2. Productivity and collaboration solutions
Executives are increasingly anxious about getting workers back into the office or finding ways to help them collaborate from off-site locations. From a facilities management point of view, this is important because hybrid and remote workers still draw on an organization’s resources, and their expertise is often tapped to find ways to make buildings more inviting to expand resources beyond their walls.
Visitor management systems can help manage hotdesking and hoteling capabilities and schedule meeting rooms and other facilities as needed. They can also be used to help plan for repurposing a space that’s being underutilized.
A VMS’s main job is to validate and manage entry to a building, so even at their most simple, they play a role in helping workers understand buildings conditions better, making occupancy visible, and providing real-time information that allows workers make informed decisions about how and when to use the office. This software can even help schedule everything from conference room reservations to maintenance, repair, and upgrades.
3. Technology to keep occupants and information secure
To optimize building systems, facilities managers need to base their best practices on the most relevant, real-time data. A VMS can collect and store data on all building occupants in order to help managers make good public health decisions (such as rethinking occupancy rates), limit access to the building for security purposes (decisions that often need to be made in real-time), and provide the kind of physical security solutions that keeps company assets safe.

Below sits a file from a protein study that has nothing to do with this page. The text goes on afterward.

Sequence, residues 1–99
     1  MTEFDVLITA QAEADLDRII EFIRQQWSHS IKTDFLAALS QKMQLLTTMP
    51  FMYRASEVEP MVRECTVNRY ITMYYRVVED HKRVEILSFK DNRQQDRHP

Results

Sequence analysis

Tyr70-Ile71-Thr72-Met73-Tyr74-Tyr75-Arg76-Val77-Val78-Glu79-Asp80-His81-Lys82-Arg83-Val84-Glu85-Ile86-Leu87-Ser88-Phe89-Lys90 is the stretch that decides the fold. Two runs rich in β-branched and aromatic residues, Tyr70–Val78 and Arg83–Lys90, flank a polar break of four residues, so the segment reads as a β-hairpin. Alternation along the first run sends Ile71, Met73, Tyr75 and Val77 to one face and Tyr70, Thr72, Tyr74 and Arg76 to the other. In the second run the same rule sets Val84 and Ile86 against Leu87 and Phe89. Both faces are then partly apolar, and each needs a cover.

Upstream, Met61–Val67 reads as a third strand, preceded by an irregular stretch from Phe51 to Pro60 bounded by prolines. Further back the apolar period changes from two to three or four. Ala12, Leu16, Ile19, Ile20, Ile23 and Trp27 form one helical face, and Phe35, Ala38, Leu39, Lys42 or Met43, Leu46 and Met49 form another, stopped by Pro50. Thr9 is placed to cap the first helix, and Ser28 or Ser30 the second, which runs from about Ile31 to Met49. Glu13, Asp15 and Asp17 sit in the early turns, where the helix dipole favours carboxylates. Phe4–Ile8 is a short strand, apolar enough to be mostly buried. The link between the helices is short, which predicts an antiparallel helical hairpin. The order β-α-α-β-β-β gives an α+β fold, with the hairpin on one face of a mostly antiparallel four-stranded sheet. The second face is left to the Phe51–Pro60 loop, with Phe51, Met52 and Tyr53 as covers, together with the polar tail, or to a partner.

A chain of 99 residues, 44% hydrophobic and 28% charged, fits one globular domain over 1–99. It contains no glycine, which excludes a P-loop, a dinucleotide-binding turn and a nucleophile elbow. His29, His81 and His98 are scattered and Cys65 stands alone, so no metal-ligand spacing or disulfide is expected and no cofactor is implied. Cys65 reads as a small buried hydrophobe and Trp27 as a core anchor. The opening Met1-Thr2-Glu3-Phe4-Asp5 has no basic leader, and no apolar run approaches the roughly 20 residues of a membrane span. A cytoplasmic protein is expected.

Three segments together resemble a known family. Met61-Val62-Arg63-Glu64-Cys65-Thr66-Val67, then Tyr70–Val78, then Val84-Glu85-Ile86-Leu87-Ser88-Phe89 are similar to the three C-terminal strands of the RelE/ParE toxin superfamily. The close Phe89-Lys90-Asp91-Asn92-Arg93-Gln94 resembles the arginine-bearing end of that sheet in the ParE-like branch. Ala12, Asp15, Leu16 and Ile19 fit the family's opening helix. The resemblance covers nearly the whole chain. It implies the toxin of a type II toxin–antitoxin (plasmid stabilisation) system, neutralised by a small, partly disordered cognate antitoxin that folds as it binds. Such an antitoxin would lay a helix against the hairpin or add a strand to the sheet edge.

The use of mobile technology can make building data even more accessible, going so far as to allow timely warnings to occupants who may be in danger or serving as a “guest pass” that keeps people out of sensitive areas where they can do damage to a company’s systems (or allow frequent entrants frictionless entrance).
4. Data solutions to ensure compliance
Data collection is only useful when the results can be processed, used to illuminate trends, and kept within legal and other compliance boundaries (since fines for mismanaging data can reach into the millions).
When Sine’s VMS collects data, for example, it can be programmed to collect and store only what it needs and uses cloud-based systems to keep that data private and secure. This can be particularly important as new data governance rules come into play, such as GDPR in the UK.
Facilities managers can also use a VMS to:
- Access data via an intuitive interface
- Run reports that allow them to see trends in data usage
- Communicate with compliance officers and ship data off to legal or HR safely (or receive that data, depending on how a company is structured)
- View operator histories to monitor who is accessing data
- Track safety trends and even prepopulate public health forms for government reporting (for COVID-19 compliance, for example)
The solution is designed to help employers meet the increasingly complex legal and compliance responsibilities that have emerged as a result of the COVID-19 pandemic and increasing cybersecurity risks. A 2021 study of organizations showed that in 2021 it took an average of 146 hours in 2021 to detect a cybersecurity incident (compared to 117 hours in 2020 and 120 hours in 2019).
Why facilities managers need a good VMS
By now, it should be clear why a system like Sine’s VMS is no longer optional in helping facilities managers do their work. And while facilities management software first emerged in the 1970s (with simple spreadsheets) and took off in the 1990s, 23% of facilities managers were still using pen and paper methods as recently as 2015 (and the number was 33% in education).
With sustainability goals changing, safety and cybersecurity at risk, compliance requirements changing, and commercial real estate owners trying to get workers back to the office, a visitor management platform may be a facility manager’s most important tool for making it all come together.
Ready to discover how Sine can help transform your facilities management processes? Book a free, live demo with our team today!